The conventional wisdom that we need to reduce spending on prescription drugs is all wrong. In an ideal health care system, we’d spend more on drugs, not less.
Rather than spending trillions of dollars on hospital infrastructure, moderately effective palliative treatments, and burdensome administrative processes, the U.S. could spend a smaller sum on powerful medicines that prevent, control, and even cure disease.
Access to a larger pool of innovative medicines would improve life for everyone, but especially for historically marginalized groups who bear the heavy economic and health burdens of disease. If more medical conditions could be managed with medications rather than with frequent doctor or hospital visits, we would likely see reduced overall health care costs and less variation in health status across social groups and geography.
How can this dream vision of a healthier, more equitable world — and a more effective health care system — become a reality?
For starters, policymakers must end their perpetual war on biopharmaceuticals. For years, Congress has been singling out drug costs even though medicines account for only 12% of total U.S. health care spending and are often the most effective tool for fighting disease.
Prescription drugs can significantly reduce the need for expensive emergency room visits, surgeries, hospitalizations, and long-term care. In fact, a Congressional Budget Office estimate found that an increase in the use of prescription drugs decreased spending on medical services.
We can look at the progress that has been made treating hepatitis C, an often-fatal liver disease. Barely a decade ago, 20% of people with hepatitis C would develop cirrhosis, a complex and expensive condition that can necessitate a liver transplant. Today, there are once-daily medications that can cure up to 95% of cases with few to no side effects. A course of one of those medicines costs $24,000. That is certainly not cheap, but it is one-twenty-fifth the cost of a liver transplant, which costs $600,000 on average.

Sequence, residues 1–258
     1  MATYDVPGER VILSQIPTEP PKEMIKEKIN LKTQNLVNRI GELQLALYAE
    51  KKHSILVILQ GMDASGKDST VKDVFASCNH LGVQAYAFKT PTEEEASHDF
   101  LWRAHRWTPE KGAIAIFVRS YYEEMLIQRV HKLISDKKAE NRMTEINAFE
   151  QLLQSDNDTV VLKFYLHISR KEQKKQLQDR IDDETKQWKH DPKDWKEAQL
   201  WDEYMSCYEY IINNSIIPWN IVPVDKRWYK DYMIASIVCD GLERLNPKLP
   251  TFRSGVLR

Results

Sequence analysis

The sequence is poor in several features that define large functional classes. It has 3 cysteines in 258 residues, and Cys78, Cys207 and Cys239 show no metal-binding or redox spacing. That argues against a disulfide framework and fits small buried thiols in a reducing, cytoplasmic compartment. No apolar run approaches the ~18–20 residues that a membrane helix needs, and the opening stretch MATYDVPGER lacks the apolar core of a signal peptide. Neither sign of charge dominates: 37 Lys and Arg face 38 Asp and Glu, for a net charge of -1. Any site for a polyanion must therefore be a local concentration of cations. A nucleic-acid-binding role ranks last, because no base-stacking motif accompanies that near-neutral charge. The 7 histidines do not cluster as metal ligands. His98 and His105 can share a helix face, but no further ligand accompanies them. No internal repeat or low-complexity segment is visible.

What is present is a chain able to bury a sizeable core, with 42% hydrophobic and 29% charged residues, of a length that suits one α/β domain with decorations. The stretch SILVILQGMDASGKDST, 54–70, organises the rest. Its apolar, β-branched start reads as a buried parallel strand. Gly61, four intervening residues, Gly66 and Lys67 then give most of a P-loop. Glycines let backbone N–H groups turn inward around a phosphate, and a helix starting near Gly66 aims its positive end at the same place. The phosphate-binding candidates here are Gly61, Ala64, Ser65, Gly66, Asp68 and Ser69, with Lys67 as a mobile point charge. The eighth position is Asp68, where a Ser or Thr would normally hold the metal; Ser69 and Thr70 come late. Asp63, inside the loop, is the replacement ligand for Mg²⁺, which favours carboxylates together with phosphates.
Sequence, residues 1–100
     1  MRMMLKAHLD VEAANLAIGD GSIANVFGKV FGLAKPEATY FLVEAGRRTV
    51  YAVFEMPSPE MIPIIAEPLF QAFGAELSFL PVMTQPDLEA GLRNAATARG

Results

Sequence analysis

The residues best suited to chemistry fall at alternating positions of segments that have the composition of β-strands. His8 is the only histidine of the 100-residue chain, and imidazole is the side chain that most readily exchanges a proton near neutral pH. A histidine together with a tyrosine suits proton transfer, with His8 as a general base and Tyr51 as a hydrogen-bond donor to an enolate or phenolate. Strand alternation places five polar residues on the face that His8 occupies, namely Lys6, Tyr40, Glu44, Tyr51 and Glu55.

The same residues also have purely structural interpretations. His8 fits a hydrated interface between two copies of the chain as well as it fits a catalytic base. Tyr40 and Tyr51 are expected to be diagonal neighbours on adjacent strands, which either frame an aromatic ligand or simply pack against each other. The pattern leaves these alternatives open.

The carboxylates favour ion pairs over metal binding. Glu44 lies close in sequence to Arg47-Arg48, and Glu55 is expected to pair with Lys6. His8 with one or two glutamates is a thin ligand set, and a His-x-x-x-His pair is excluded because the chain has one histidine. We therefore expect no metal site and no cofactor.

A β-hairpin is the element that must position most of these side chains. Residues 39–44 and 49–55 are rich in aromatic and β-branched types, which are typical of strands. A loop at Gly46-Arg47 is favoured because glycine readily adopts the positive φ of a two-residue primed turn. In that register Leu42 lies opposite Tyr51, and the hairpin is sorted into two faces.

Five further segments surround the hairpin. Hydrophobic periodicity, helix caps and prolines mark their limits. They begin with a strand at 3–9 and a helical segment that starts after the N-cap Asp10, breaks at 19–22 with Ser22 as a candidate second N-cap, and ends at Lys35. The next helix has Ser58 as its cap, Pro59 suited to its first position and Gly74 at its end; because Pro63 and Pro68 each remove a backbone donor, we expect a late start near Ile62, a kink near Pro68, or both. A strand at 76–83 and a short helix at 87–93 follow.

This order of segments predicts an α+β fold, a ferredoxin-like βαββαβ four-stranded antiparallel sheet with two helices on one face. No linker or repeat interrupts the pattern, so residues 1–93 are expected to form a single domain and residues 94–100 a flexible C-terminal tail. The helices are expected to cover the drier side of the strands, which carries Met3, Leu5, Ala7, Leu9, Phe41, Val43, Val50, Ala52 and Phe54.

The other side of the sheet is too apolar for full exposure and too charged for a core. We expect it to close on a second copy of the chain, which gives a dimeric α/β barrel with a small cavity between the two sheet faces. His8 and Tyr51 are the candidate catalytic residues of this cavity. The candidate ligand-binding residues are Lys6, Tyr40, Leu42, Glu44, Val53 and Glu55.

Or consider the advancements made in treating HIV. Once a death sentence, there are now medications that can prevent nearly all new infections. Thanks to continued research, long-acting injectables may soon allow for bimonthly treatment. Widespread use of these drugs could eradicate HIV in the United States — a disease that currently costs the health care system $28 billion a year.
And there’s no clearer example of the life- and cost-saving power of medicines than the Covid-19 vaccines. Each Pfizer shot costs the U.S. government about $24 — it’s available at no out-of-pocket cost to patients, in order to maximize uptake — but can prevent hospitalizations that cost tens of thousands of dollars. By preventing hospitalizations and missed working days, the Covid-19 vaccines boosted America’s gross domestic product by $438 billion in 2021 alone, according to a new study from Heartland Forward, a think tank.
There’s no question that the cost of medicines in our current system can impose a real — and sometimes overwhelming — financial burden on some patients. But the solution isn’t to reduce overall spending on these effective tools. It is to improve the quality of insurance coverage and ensure that all patients have access to the medicines prescribed by their doctors.
This likely means capping out-of-pocket costs, moving away from co-insurance, and developing alternatives to high-deductible health plans. A study in the New England Journal of Medicine, for instance, found that out-of-pocket caps substantially reduced spending for patients without increasing health plan spending. Policymakers should also investigate recent reports highlighting the role industry middlemen play in the high costs of medication.
America’s innovative life sciences researchers could soon send diseases like Alzheimer’s, Parkinson’s, and ALS the way of measles and polio. With sustained investment in biopharma research and development, more and more diseases that lead to complex and costly care in our current system will be prevented or managed with novel medicines. Those advances will come at a cost, but they’ll still be much less expensive, in the long run, than the status quo where a majority of health care costs stem from hospitals, doctor’s visits, and long-term care spending.
Just as importantly, the cost of these novel treatments should go down over time as patent protection ends and generics and biosimilars enter the marketplace. This represents a critical investment opportunity for society — not the burden some say drug spending is.
There will never be a world in which prescription drugs represent 100% of health care costs. Accidents and other calamities will continue to require complex and comprehensive care. But when most diseases can be effectively managed or cured by drugs, they should represent a larger percentage of a more effective and less costly heath care system.
Jean-François Formela is a partner at Atlas Venture in Cambridge, Mass., where he focuses on novel drug discovery approaches and therapeutics. John Stanford is the executive director of Incubate, a Washington-based coalition of life-science venture capitalists.
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